DAY FOUR – SATURDAY
The day started at noon for me today, and I realised a drastic time plan change had to be made. I would probably spend the whole day debugging D.P.A. and the mainline routines and the adventure handler would have to wait until Sunday or Monday.
A good thinking session was in order, so I plugged my bass through my compressor, turned my amp right up to full volume and had a thoughtful two hour break!
Fully refreshed, I tackled the problem with renewed vigour and in view of the ever looming deadline, I decided to take a logical approach.
The best way to cope with this situation was to (you guessed right!) put the Joe Hubbard album on the turn-table, get a printer listing and go through it looking for the proverbial needle in a haystack.
Well, needless to say I found it (or rather, them!) and exterminated them one by one. As the saying goes, the only good bug is dead bug! I finally got D.P.A. working at 2am and it was truly astonishing… the speed left me breathless.
DAY FIVE – SUNDAY
I woke up at the crack of noon today, and I’m one of those people who is usually a bear in the mornings. Well today I was a mouse, and I was frightened to death of how much time I had before my head was to be placed on the block.
Well, it wasn’t quite that serious but trying to get a good machine language game running on a computer which you’ve never seen before in your life within the space of a week is no mean feat, and takes a lot of hard work, determination and self control.
In fact, I took care of most of my debugging today! The screen looks good, and I’ve been moving the man around, and seeing some background animation, but I still haven’t written the adventure handler!
DAY SIX – MONDAY
Well today is the last day – or is it? You will by now, fully appreciate that there are seven days in a week, assuming that you count from one.
Well, therein lies the catch, because I’m sure that you also realise that programmers (and I’m no exception) count from zero, not one – sneaky eh?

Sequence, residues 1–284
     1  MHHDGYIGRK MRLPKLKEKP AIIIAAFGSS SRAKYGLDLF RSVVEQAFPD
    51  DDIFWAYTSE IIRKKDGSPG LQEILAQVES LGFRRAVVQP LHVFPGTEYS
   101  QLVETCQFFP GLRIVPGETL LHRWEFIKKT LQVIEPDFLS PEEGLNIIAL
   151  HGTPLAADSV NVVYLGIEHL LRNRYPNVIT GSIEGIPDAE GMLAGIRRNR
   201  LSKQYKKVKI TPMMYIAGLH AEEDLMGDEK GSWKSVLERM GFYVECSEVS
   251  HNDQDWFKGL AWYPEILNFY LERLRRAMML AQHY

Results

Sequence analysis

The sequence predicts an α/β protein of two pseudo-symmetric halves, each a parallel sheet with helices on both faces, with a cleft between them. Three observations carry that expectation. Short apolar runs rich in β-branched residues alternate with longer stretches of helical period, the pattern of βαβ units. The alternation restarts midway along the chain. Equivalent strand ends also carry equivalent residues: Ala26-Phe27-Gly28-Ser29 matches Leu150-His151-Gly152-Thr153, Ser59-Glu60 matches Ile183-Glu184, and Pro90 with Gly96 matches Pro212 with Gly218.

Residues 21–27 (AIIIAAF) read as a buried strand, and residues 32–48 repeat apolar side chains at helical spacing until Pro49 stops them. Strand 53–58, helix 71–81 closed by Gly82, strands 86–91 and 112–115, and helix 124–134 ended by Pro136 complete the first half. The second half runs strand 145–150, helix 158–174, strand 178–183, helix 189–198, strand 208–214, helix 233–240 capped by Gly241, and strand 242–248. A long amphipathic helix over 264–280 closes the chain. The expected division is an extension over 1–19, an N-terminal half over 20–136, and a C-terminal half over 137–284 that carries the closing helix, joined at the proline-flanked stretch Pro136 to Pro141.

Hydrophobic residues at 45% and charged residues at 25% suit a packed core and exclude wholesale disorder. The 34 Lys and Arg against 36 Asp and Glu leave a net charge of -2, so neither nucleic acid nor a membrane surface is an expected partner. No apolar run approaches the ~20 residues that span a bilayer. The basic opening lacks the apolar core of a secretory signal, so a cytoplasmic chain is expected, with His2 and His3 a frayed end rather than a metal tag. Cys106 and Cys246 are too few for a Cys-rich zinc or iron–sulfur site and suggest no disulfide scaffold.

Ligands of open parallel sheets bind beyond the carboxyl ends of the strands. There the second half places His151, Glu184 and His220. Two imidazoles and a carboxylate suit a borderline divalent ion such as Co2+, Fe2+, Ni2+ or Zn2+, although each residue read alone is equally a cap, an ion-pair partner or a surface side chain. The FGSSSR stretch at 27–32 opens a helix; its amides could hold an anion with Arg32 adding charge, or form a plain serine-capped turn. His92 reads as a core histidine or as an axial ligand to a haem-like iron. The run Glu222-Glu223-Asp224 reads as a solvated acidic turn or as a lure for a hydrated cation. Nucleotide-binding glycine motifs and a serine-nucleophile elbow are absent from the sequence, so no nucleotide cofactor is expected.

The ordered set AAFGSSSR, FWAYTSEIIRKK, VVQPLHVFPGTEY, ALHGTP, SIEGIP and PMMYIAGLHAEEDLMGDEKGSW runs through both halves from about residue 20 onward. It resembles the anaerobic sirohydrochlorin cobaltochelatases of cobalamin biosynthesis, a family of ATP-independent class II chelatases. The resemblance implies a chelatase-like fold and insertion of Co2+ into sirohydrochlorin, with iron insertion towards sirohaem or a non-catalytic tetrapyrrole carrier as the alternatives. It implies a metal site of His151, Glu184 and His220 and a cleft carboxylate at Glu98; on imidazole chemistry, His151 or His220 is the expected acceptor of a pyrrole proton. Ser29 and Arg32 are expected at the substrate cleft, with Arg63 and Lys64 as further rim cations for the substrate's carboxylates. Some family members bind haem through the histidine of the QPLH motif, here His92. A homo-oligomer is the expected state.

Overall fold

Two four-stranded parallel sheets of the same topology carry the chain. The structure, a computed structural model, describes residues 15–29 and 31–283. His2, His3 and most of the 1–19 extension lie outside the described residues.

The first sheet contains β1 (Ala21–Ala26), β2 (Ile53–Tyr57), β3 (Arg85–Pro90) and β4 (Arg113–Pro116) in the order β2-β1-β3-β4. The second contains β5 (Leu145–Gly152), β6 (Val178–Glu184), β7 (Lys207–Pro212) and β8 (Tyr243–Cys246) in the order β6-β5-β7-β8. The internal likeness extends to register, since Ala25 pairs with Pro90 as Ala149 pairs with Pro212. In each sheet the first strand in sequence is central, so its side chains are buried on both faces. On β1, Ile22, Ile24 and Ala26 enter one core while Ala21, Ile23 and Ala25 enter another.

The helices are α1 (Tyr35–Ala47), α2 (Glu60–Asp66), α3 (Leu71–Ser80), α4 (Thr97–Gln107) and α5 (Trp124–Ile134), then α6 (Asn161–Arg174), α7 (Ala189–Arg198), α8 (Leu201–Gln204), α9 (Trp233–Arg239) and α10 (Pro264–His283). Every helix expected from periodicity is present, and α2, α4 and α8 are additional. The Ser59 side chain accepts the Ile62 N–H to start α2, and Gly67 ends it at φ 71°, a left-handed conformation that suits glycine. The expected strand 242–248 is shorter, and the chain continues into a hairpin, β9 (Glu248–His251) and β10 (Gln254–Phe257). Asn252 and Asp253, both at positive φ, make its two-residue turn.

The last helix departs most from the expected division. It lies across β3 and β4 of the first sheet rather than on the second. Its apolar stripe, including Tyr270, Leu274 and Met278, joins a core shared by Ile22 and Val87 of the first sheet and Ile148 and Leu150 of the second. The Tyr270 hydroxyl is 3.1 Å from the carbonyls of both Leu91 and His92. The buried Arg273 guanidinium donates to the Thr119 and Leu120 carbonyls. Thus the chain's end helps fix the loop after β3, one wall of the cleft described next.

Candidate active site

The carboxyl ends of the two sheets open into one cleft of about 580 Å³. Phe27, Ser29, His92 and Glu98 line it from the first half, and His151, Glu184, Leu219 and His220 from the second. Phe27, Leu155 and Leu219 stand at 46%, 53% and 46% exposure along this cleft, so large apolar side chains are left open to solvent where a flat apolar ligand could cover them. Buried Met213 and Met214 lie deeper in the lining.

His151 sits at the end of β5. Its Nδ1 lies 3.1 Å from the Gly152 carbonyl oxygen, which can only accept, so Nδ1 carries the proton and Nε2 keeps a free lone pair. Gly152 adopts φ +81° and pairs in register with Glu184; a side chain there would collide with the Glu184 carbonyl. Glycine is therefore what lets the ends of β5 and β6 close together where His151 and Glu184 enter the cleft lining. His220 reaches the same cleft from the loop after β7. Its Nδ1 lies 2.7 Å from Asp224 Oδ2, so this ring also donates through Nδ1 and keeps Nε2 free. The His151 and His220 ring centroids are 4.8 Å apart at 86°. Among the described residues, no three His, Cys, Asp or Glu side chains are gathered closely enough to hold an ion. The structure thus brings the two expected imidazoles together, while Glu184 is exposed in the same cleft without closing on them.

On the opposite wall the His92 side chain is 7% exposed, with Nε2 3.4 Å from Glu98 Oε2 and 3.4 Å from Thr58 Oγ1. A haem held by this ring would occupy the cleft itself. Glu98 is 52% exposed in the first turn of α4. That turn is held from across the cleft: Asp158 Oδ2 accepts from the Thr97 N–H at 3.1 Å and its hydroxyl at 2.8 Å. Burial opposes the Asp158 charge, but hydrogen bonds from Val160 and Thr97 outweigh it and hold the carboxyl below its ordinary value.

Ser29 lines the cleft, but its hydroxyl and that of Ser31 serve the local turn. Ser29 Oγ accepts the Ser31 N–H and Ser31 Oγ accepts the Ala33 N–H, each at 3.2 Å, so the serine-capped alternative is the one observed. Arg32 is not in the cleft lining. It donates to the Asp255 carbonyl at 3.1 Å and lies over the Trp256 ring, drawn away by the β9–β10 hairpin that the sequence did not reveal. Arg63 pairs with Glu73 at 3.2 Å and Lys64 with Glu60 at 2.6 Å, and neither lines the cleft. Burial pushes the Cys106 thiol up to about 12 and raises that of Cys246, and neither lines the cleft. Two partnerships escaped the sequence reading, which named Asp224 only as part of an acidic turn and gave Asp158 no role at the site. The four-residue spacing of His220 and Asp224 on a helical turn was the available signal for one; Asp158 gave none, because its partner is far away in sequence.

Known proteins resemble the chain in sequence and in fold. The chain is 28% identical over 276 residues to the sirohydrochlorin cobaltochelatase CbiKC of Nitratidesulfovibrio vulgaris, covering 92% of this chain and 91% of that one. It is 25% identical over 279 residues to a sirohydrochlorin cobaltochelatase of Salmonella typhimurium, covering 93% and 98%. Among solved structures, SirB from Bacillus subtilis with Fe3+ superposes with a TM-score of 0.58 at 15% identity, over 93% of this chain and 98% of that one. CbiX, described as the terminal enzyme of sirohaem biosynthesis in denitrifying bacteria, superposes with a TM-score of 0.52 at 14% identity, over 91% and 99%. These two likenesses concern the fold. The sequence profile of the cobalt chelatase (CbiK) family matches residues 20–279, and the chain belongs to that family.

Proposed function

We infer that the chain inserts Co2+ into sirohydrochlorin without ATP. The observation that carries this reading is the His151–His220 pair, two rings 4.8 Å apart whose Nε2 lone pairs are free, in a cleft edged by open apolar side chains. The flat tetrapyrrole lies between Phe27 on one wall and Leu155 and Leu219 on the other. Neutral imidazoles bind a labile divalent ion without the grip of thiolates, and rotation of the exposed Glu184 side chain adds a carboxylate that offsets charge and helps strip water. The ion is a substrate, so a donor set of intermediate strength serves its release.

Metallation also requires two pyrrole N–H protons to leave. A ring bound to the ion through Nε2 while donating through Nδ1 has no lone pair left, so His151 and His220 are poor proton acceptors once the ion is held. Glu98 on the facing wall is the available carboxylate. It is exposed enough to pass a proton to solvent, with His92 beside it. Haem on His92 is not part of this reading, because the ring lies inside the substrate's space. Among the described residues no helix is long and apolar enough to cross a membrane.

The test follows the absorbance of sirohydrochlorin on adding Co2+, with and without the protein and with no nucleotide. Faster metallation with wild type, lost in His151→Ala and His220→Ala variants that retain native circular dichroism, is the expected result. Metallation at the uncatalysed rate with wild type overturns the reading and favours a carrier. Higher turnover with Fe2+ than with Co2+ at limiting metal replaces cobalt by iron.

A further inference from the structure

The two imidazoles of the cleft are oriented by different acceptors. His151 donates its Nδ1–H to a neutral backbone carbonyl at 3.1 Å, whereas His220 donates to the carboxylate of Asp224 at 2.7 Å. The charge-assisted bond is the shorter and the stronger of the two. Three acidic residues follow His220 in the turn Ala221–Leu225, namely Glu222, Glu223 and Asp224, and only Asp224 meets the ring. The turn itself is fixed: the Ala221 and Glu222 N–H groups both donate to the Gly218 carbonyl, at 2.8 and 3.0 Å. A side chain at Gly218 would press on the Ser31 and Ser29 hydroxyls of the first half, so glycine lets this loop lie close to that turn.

Fear not, because yes, I did have a working version of the program that can be played and completed relatively early in the evening.
My D.P.A. method works a treat and there are now no glitches in it at all, and with a man on the screen and an animated object, the speed is ridiculously fast. So fast, in fact that I have had to put many delay loops in it to slow the game down.
At last, I had written the adventure handler, and at the end of the day, I had a version of Chimera that could be played, completed and even enjoyed.
The only thing that I have leapt over is some sound and a title page, but these are trivial tasks that do need even need thought, except perhaps, in their presentation.
If I have to dedicate this game to anyone, then surely the honours must go to Joe Hubbard, who else? This is a truly knackered signing off.
CONCLUSION – TUESDAY TO THURSDAY
One can draw a few useful points from this exercise.The first point is that it is quite possible to write a very good game in a week, as I have proved.
This can be countered by the fact that no programmer worth his salt would dare attempt to design, create, implement and program a game of top quality in this short space of time, though watch out, I may try it sometime in the future.
It helps a great deal to have a good system to work on. I used the Amstrad CPC6128 system with colour monitor and the HiSoft Devpac 80 macro assembler, both products for which I can honestly say it has been a pleasure to use them.
I am now a convert to small disks, but I feel Amstrad should have chosen the more sensible (and popular) 3.5 inch format.
I also have a few words of warning to all you budding programmers out there, especially those delving into machine code.
Please pay attention to design. Think about how you would write a particular program.Think about what might cause you problems. Do comment liberally. It helps to have a good working knowledge of the machine. Always keep strict rules about entry and exit conditions in subroutines; do not rely on values that may be lying around.
Remember, write with clarity in mind. If your code is not clear, you won’t understand it when you’re trying to debug it! Optimise it for speed afterwards, and only if it is necessary. Do not become a ‘speed junkie’. It is not a prerequisite for games programming.
That’s all there is to it! Oh, one more thing. It’ll help a great deal if you can listen to a great album like ‘Nip it in the Bud’ by Joe Hubbard!
How should you approach ebugging? Simple. You just turn the machine off after getting a fresh listing (I hope you have a printer!), then go and get a beer or a coffee and look at the listing very, very carefully for half an hour. You’ll nearly always find the culprit. What if you can’t? Give up programming and take up tennis or aerobics!